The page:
It’s the best thing for him. You must insist. Intensive neuro rehab. Keep fighting for it. That’s what they all said – what they told me to do, so that’s what I did. Funding is difficult. Patchy. You have to fight. I am quite good at that kind of fighting. In the end we won. Lucky us.
It’s been more than a year since the rehab started, and in all the places - quite a few now - they do a three monthly review. Each one starts with a potted history and it’s like Chinese whispers. Each time they get it wrong in a different way. Each time I correct them.. Each time they ignore me. It doesn’t seem to matter that I was there. I know. I saw. I see it every time I close my eyes. I see it when I wake up in the middle of the night. I can see it now – clear as day. Every second.
Nearly two years now. It feels like yesterday and a thousand years ago. This is what I saw. This is what I see every day. August. Cold and rainy. Summer storms. Waking up, drinking my coffee, looking out at the wheat field, I’m .. I don’t know what I am. Nervous? It’s all been so quick. Last minute. I’ve spoken to friends who’ve done it, spoken to friends who’ve helped people through it. Read stuff on the internet. Each one says something different. The rehab place – the one he had an appointment at the day after – they reassured me. I said “it’s not dangerous is it – cold turkey? He is fifty…” “No” they said “…generally not. Not like alcohol withdrawal”. We only had one day – less than one day to get through before going there, registering. Then they would prescribe something – not methadone – something else, to help with the symptoms. Good old NHS. Lucky us.
The sky: beautiful in the very early morning. Dark, almost navy blue from the thunderstorms, and the ripe wheat glowing golden white in the sunrise. A wonderful contrast. Past the field. Just in the corner of my vision, along where the trees begin, a rainbow – fresh, bright, sharply defined, brand new – the way they are before they fade. I take a photo of it on my phone. I think I feel a bit like I did when my sons were young and they caught something horrible – chickenpox. Grit your teeth. Get on with it. It isn’t going to last forever. Batten down the hatches. All that kind of thing. We can get through this.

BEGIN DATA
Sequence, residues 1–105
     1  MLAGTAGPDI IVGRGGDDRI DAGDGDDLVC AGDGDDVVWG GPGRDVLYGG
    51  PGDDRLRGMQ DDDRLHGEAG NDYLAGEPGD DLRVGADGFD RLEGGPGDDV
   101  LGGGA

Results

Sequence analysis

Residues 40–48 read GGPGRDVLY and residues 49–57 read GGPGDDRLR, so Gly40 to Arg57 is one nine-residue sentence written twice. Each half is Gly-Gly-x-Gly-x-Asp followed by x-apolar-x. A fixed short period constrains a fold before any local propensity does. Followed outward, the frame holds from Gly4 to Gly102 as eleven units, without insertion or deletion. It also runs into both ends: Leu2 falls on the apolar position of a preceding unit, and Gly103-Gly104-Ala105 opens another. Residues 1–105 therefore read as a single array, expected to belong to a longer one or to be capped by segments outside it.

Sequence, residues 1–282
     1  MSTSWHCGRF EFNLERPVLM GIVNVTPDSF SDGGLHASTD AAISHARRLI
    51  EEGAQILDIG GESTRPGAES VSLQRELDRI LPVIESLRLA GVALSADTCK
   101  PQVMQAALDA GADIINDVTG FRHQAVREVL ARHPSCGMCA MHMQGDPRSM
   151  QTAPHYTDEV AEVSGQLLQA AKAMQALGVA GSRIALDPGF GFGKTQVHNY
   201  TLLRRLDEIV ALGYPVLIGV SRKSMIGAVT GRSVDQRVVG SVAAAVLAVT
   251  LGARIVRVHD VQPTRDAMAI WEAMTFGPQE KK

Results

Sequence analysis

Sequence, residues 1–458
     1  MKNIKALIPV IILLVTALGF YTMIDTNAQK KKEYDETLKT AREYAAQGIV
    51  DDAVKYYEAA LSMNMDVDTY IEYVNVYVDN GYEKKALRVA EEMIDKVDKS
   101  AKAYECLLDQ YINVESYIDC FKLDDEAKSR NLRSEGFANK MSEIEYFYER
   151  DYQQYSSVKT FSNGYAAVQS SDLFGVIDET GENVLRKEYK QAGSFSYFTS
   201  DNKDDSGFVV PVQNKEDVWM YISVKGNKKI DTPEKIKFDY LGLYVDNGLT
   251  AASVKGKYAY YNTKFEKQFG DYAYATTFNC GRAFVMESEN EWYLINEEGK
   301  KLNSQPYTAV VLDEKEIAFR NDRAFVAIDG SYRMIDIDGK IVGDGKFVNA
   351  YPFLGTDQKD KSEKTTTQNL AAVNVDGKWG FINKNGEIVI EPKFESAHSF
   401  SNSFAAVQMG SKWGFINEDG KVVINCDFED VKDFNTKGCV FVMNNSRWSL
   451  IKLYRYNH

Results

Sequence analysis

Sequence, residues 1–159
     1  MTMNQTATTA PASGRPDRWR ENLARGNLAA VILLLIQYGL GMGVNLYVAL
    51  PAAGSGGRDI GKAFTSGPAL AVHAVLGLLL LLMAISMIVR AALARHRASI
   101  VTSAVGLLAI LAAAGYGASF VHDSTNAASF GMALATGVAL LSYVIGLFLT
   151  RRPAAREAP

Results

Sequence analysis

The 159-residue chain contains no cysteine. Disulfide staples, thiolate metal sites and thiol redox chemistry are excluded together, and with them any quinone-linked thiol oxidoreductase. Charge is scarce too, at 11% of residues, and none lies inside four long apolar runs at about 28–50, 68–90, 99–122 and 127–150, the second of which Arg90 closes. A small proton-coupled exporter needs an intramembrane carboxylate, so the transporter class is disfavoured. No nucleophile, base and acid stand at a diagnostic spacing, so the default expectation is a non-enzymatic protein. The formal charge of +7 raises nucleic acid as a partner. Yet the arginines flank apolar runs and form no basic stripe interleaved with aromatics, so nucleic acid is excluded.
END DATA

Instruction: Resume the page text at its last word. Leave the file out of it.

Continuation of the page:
I send the rainbow to him – perhaps he’ll turn on his phone when he lands and it’ll be the first thing he sees. A good omen. Focus on the positive. Stiff upper lip. I have done my best. All the stuff he asked me to have is there. Stoly in the fridge. I bought it the night before and dropped the first one in the carpark at Waitrose – the recyclable carrier bags aren’t very strong. Glass everywhere, the stench of alcohol. I go back inside to tell them and it’s all handled efficiently and without fuss, as you would expect it to be. Someone comes out to sweep up the glass. They give me another bottle of Stoly. Good old Waitrose. Lucky it happened there.
The last time we spoke – before he left - He was frightened. Trying to not let it show. I was frightened – trying to sound reassuring. We can get through this. Face it together.
There’s no sun by the time I get to Heathrow. It’s a cold grey drizzly August morning. British summertime. I am wearing shorts and impractically high heels but it doesn’t matter because we’ll be jumping in the taxi soon and then we’ll be home. So it doesn’t matter. It’s part of my two fingers to the world. Meant to be reassuring for him. You should always wear impractical heels when you face something difficult.
Survival rates for cardiac arrest outside a hospital are officially dire – both here in England, and in Tucson. They hover around 17%. He is lucky. I am lucky. We are both lucky.
It’s been twenty months. I am on a writing retreat. Never done one before. Beautiful place. Never been here before. The weather couldn’t be more perfect. The other people couldn’t be nicer. It’s peaceful. Perfect. Beautiful. I’m so grateful for all of this. Each morning I sit down out here to write something to match. Maybe tomorrow.